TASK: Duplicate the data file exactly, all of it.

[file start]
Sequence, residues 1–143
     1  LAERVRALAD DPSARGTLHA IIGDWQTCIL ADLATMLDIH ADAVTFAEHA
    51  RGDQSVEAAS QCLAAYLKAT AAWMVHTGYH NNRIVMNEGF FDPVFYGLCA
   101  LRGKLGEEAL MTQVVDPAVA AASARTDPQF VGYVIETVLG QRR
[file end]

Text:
Sequence, residues 1–143
     1  LAERVRALAD DPSARGTLHA IIGDWQTCIL ADLATMLDIH ADAVTFAEHA
    51  RGDQSVEAAS QCLAAYLKAT AAWMVHTGYH NNRIVMNEGF FDPVFYGLCA
   101  LRGKLGEEAL MTQVVDPAVA AASARTDPQF VGYVIETVLG QRR